Classics Club

The Classics Club

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The Classics Club

I’ve decided to sign up for The Classics Club. I disliked almost every classic I had to read in school but I usually enjoy reading them when I choose them for myself. I’m just contrary that way, I guess. I do tend to overlook classics when I’m choosing my next book though, so I’m hoping this gives me the motivation I need to read more.

I started choosing my list way back in October after seeing Mareli’s post at Elza Reads. Then I forgot about it for a while. Oops. Deb’s announcement at Readerbuzz that she just finished her second list and started her third reminded me that I still need to sign up.

My goal is to read these 50 classics by April 15, 2026. I haven’t done much homework on these titles so if something turns out to be 1000 pages, impossible to find, definitely not my cup of tea, or a bit too recently published to be a “classic,” I’ll switch it out for another title. I made a conscious effort to include books written by women, translated books, and books from other cultures. My list could still be more diverse but I’m pretty happy with the mix I’ve got here. You can find more details and sign up for yourself at The Classics Club site.

Let me know what you think of my choices! Where should I start?

Progress: 19/50

My List:

  1. Achebe, Chinua: Things Fall Apart–I remember that my sister had to read this in school (she was four years behind me) but I never did.
  2. Alcott, Louisa May: Little Women–I’ve never managed to finish this book and I’ve started it several times! I get to a sad part and put it aside. I will conquer it! One day. I love Little Men though and I’ve re-read it countless times.
  3. Allende, Isabel: The House of the Spirits–I’m adding this one last, as I realize that I’ve chosen a book from every inhabited continent except South America. This will fill the gap.
  4. Atwood, Margaret: The Handmaid’s Tale–This book is such a big deal at the moment because of the show. I can’t believe I haven’t read it.
  5. Brontë, Anne: The Tenant of Wildfell Hall–I’ve read books by the other Brontës (love Jane Eyre, really dislike Wuthering Heights) so I need to complete the sisterly trifecta.
  6. Cather, Willa: O Pioneers!–I loved My Ántonia so I’d like to read more of Cather’s work.
  7. Chaucer, Geoffrey: The Canterbury Tales–This feels pretty foundational for English literature. We read a few bits of it in high school but I’d like to know more.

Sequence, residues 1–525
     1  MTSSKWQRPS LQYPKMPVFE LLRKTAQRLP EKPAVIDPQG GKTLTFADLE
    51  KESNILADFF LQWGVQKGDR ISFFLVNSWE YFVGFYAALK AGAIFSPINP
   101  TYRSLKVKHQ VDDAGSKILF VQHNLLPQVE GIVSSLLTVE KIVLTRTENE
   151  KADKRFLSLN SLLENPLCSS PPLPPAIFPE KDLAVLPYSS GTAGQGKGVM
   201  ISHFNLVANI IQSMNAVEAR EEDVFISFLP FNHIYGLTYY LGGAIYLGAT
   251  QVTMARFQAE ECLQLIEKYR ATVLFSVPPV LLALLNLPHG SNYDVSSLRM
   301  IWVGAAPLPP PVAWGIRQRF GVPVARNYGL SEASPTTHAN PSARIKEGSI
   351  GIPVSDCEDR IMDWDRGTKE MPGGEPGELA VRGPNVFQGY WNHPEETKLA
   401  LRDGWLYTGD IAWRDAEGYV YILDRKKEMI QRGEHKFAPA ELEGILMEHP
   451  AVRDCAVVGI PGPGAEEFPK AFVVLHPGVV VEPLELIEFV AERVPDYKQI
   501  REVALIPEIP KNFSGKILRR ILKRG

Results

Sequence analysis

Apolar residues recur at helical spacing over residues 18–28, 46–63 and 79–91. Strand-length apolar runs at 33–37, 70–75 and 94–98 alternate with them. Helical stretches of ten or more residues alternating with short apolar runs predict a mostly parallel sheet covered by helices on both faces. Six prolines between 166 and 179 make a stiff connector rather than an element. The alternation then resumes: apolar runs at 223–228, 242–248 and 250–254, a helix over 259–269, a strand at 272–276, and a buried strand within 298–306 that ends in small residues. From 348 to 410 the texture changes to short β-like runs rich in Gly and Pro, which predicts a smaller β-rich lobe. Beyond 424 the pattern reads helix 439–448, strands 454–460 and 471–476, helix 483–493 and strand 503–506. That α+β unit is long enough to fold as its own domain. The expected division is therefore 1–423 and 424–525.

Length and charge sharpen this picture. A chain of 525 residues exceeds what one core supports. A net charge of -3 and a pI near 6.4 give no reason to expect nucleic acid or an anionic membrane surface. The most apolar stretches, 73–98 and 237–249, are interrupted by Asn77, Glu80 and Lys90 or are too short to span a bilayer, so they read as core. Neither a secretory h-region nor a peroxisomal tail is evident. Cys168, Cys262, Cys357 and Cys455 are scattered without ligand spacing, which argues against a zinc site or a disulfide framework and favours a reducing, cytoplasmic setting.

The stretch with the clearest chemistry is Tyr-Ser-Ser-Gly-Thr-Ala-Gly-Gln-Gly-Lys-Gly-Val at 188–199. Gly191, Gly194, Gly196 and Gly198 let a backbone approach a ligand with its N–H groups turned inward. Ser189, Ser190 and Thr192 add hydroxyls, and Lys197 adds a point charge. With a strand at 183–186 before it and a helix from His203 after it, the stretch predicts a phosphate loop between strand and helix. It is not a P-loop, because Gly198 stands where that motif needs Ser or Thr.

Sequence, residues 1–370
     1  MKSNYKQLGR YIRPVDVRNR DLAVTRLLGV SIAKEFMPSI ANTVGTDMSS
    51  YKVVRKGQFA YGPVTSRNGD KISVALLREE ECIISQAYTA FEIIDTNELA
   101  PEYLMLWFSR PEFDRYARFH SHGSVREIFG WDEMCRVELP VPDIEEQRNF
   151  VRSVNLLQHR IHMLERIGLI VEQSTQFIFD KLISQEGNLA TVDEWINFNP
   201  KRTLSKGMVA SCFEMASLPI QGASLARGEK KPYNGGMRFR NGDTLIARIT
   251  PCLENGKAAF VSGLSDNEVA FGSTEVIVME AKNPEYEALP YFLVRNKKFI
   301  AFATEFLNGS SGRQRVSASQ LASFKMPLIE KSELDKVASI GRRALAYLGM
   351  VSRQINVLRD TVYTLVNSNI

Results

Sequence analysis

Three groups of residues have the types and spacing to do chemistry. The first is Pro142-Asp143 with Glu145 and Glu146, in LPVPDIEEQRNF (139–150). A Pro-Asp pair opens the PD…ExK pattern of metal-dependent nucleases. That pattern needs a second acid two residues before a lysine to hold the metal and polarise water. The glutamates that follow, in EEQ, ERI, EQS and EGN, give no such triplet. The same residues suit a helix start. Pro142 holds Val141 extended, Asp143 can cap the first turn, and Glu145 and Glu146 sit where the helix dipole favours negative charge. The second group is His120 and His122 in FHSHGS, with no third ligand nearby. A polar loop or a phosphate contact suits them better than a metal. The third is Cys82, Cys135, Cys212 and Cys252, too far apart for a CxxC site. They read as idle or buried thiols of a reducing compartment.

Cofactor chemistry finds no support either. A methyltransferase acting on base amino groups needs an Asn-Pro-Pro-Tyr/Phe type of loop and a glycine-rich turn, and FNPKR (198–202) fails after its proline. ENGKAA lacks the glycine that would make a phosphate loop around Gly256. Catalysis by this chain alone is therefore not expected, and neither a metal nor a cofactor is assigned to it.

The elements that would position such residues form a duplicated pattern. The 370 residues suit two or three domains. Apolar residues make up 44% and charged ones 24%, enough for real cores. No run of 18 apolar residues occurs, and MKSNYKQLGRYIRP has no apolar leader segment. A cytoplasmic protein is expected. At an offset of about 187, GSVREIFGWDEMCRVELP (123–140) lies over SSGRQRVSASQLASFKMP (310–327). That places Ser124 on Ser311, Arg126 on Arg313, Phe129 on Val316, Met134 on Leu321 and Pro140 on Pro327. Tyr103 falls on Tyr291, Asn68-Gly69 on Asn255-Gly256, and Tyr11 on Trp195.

8. Cooper, James Fenimore: The Last of the Mohicans–The movie starring Daniel Day-Lewis was filmed around my hometown so I’d like to read the book.
  9. de Cervantes, Miguel: Don Quixote–My father-in-law is Cuban and my husband is bilingual. A Spanish-language classic feels like a must (I’ll be reading an English translation).
  10. Defoe, Daniel: Robinson Crusoe–This just seems like an adventure book that everyone should read.
  11. Dickens, Charles: The Old Curiosity Shop–I struggle a bit with Dickens but I read somewhere that American readers met ships at the docks when this book was serialized, anxious to find out what happened to Little Nell. A book that can create that kind of stir is something I want to check out.
  12. Douglass, Frederick: A Narrative of the Life of Frederick Douglass–I believe every American should read a book written by a slave. I think this one is on my old nook.
  13. Dumas, Alexandre: The Three Musketeers–I own The Count of Monte Cristo but it’s in storage at the moment. I’ll start with something smaller and less intimidating.
  14. Ellison, Ralph: Invisible Man–I don’t know much about this but I included it for diversity.
  15. Faulkner, William: As I Lay Dying–I haven’t read much Faulkner at all yet I host the Southern Literature Challenge. That feels like a huge gap in my knowledge.
  16. Gaskell, Elizabeth: Cranford–I read and liked North and South by Gaskell so I decided to read more of her work.
  17. Grahame, Kenneth: The Wind in the Willows–I can’t believe I’ve never read this children’s classic.